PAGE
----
Since the beginning of June, WHO has been supporting the Ministry of Health to host webinars on medical waste management in Indonesia during the COVID-19 pandemic.
The COVID-19 pandemic in Indonesia is continuing to have an impact on the country’s healthcare system and waste management system. There are increased volumes of discarded materials from health protection activities, medical diagnosis, treatment and scientific research. Safe and efficient disposal of this medical waste is a critical component of a comprehensive response effort.
Throughout June and early July, WHO, the Ministry of Environment and Forestry (MoEF) and the Ministry of Health have hosted a series of webinars to share the current policies and national protocols on water, sanitation and hygiene (WASH) and medical waste management in healthcare facilities as well as the safe use of incinerators and autoclaves in the context of COVID-19. More than ten thousand participants from all 34 provinces across Indonesia have participated in the webinar series.
In the webinars, the WHO National Professional Officer for Environmental Health introduced the WASH for Facility Improvement Tools (WASH FIT) for use in facilities that are preparing for, or responding to, COVID-19 cases. WHO recommends the use of WASH FIT to assess WASH in healthcare facilities, make necessary improvements, and sustain quality WASH infrastructure services during this pandemic.
During the webinar series, some challenges in waste management were highlighted by the Ministry of Health and discussed by the participants, including the availability and use of waste treatment amenities in healthcare facilities. While some hospitals have an incinerator to dispose of the medical waste generated, they do not have the necessary license to operate it. Of a total 2 889 hospitals, only 82 hospitals have licensed incinerators on their premises. Hospitals that do not have their own incinerators contract private healthcare waste management providers, 92% of which are located in Java island. The long distance from the hospital to the final medical waste disposal site can increase the risk of illegal dumping, cross contamination and disease transmission due to a heightened chance of accidents or human errors during the extended transport time.
To address this concern and further strengthen the national COVID-19 response, the MoEF released a circular note 2/2020 to allow hospitals to operate unlicensed incinerators during the finalization stage of the permit attainment process. The MoEF also plans to construct a provincial-based healthcare waste management facility – placing incinerators in five locations (Aceh, East Nusa Tenggara, West Nusa Tenggara, South Kalimantan and West Sumatra) this year. This program will be continued until 2024, targeting additional provinces that do not have direct access to a waste management facility.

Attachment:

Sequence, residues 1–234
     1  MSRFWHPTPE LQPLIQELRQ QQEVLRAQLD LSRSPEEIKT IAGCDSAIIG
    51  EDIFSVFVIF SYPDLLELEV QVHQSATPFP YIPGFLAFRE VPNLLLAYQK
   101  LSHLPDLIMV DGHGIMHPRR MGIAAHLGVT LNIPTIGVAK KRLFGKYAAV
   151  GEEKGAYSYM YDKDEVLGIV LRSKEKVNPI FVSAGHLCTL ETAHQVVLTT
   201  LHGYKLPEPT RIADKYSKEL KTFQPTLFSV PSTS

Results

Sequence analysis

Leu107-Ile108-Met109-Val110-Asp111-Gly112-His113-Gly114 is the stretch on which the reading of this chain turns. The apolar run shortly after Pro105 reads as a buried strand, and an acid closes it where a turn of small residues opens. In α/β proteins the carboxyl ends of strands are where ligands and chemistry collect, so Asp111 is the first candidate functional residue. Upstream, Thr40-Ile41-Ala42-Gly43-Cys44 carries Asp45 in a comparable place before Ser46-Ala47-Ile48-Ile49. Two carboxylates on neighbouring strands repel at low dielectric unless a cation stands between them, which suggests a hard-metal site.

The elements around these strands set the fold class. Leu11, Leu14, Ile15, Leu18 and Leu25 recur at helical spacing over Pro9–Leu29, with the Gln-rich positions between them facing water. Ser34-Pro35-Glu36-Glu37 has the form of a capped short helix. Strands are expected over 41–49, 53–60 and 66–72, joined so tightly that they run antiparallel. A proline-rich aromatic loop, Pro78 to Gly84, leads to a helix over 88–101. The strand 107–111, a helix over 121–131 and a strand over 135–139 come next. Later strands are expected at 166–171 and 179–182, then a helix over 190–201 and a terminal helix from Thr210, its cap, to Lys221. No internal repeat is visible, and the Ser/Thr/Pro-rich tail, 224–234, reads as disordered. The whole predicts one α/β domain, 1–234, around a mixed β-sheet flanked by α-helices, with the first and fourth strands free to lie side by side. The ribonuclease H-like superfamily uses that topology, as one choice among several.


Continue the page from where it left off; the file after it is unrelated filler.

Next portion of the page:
MoEF also recommended that healthcare facilities, under the oversight of Province and District Health Offices, should coordinate with industries, such as the cement industry, to manage the disposal of their healthcare waste. The WHO handbook on the safe management of waste from healthcare activities, 2nd edition, provides comprehensive guidance on safe, efficient and sustainable methods for handling and disposing of medical waste in both normal and emergency situations.
In addition to the capacity building of provinces through the webinar series, WHO continues the support the Ministry of Health by providing Information, Education and Communication (IEC) materials on waste management and, in collaboration with UNDP, is in the process of procuring four autoclaves and four incinerators to reduce the accumulation of medical waste from COVID-19 healthcare activities.
Ensuring reliable and safe waste management is a must for all provinces to protect public health and contain the spread of the virus in Indonesia.